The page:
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Always in Demand

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When the ground is frozen and snow is in the forecast every other week, it makes it difficult for contractors to be building an outdoor living space or working on a pool installation. Conversely, the middle of summer isn’t an ideal time to be replacing a roof given the extreme temperatures. Certain industries inevitably have their down times throughout the year, but there are two particular home improvement projects that never seem to come to a halt: kitchen and bathroom renovations.

“We dip down a little bit during the holiday season, typically mid-December to mid-January, but this year that dip was just around Christmas—it picked right back up in the new year,” says Linda Fennessy of Kitchen Magic. “We’ve been seeing it continuously. We have a lot of work and our backlog is as big as it’s ever been. The orders are there and we’re working to get them installed as quickly as possible.”

Increased time at home as a result of the pandemic has led to even more remodeling than normal, and kitchens and baths have lived up to their reputation as the most popular rooms to refresh.

“Now more than ever, kitchens and bathrooms … are a large part of our business,” says Vic Fiore of Magnolia Home Remodeling Group. “It’s a 12-month, steady flow of people looking to get prices, ideas and consultations.”

The planning phase remains crucial to the process, and an experienced firm can assist greatly in setting the budget and expectations. House & Home spoke to several local professionals to get their tips and find out what trends to look for in 2022.

Devising a plan
Homeowners taking the leap to renovate a kitchen or bathroom have plenty of options, but finding a company that provides both design and construction services can make life a lot easier. That is especially true when it comes to a complete makeover of the space.

“A major kitchen remodel is not a straight A to B path,” says David Cerami of HomeTech Renovations. “You need a plan and someone who can integrate everything into a fluid design and help you personalize it.”

Sophia Amiano of Amiano & Son Design-Build believes education is an important part of the initial meeting with a customer. The average homeowner is not aware, for example, of the expenses involved when compiling a wish list for their new kitchen or master bathroom.

“Everybody goes into a project already having an amount in mind,” she says. “We show them what we can do for the project and the work scope within that investment amount. We simply inform them on the market, on certain product costs, maybe how we can help keep costs down, just so that they’re getting more realistic information. Sometimes Google can be very inaccurate and that will be a homeowner’s first go-to when looking for information.”

Fiore’s first priority when meeting with a client is establishing a framework for pricing, which of course will ultimately be dependent upon their material selections. He also gets to know the customer’s vision for the space.

“We always ask people what their needs and wants are, if they have any inspiration, pictures or examples of things they know they want or don’t want,” he says. “We put together a plan taking into account their feedback but also really what we think will work best. Then we work with the homeowner to fine-tune the plan, make sure it’s their own and what they want.”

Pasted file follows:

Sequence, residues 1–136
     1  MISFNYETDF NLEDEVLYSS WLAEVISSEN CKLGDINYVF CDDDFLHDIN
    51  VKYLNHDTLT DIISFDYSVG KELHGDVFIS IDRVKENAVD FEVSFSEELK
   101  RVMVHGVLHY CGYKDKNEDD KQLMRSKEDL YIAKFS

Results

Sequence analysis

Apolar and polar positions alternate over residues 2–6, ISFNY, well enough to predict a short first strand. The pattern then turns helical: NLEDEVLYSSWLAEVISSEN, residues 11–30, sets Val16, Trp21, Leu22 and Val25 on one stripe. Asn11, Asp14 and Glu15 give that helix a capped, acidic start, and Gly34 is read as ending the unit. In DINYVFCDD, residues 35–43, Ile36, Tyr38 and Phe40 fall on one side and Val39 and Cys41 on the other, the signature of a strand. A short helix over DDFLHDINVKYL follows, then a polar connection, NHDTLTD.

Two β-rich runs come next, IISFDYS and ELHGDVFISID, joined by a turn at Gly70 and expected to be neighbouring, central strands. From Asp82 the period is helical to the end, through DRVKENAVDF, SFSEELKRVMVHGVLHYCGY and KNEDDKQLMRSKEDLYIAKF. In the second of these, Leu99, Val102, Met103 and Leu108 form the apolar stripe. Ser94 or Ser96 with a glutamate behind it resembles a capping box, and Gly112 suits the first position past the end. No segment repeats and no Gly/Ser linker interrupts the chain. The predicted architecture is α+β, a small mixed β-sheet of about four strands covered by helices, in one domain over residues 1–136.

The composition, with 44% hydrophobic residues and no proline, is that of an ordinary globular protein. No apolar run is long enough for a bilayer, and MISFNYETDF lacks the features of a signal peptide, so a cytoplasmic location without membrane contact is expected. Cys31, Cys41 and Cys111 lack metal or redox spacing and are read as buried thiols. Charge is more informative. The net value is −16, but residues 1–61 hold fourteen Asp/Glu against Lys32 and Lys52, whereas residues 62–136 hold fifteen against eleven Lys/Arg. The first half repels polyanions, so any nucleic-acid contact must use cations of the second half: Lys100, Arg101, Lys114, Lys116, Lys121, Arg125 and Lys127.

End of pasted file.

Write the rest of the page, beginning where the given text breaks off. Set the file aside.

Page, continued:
“[The first appointment is] basically a fact-finding meeting,” Fennessy adds. “We ask how they use the kitchen, are there multiple cooks, how big is their family, do they find it functional, what are the challenges, do they like the color, how long have they been in the home and how long do they plan on staying. Then we make our solutions based on their budget. We have them picks colors and styles and give them a price quote.”

Amiano wonders how any project could get accomplished without detailed planning in place. Her family’s company follows long-held procedures for every job, to help prevent hidden costs or anticipate issues that may arise.

“The reason we’ve built our process to the way we have over the years is for that exact reason, because if you don’t properly plan and put a project together from the get-go before jumping into construction, hiccups are bound to happen,” she says. “Construction is already a process as it is and it’s never 100% perfect, no matter how much upfront legwork you do, especially in today’s day and age when you have delays. If we didn’t do all that work in the beginning, I don’t even know how you would get a project together.

“We pick out all the materials up front, we design the space as close to the measurements as we can get, we even do an onsite visit prior to signing the contract just to verify those measurements and that the layout is going to work properly. … We take pride as a company that we do those steps and we really limit those hidden costs that can happen in construction.”

Building the dream kitchen
One of the most important decisions in a kitchen remodel centers on cabinetry. White kitchens have been popular for years and although color has been introduced more lately, Fennessy does not anticipate white going away.

“I opened up a Houzz 2022 report [recently] and it definitely mimicked what we’re seeing: People are still choosing our whites—antique white, frosty white and satin white—and those are our most popular colors,” she says. “While I hear the woods are coming back, I don’t see it yet, only in our older demographics. Flat color is popular; we do sell a lot of colonial blue. Gray is second and we’ve just added a moss green to our offering, and that is by customer demand. Our in-house designer said we absolutely had to add it to our offering because it’s everywhere and it’s going to be very popular. But whites are still king.”

Amiano saw a great push for colored cabinetry in 2021, particularly in the blue family. But the trend has not lasted long, at least with her clients.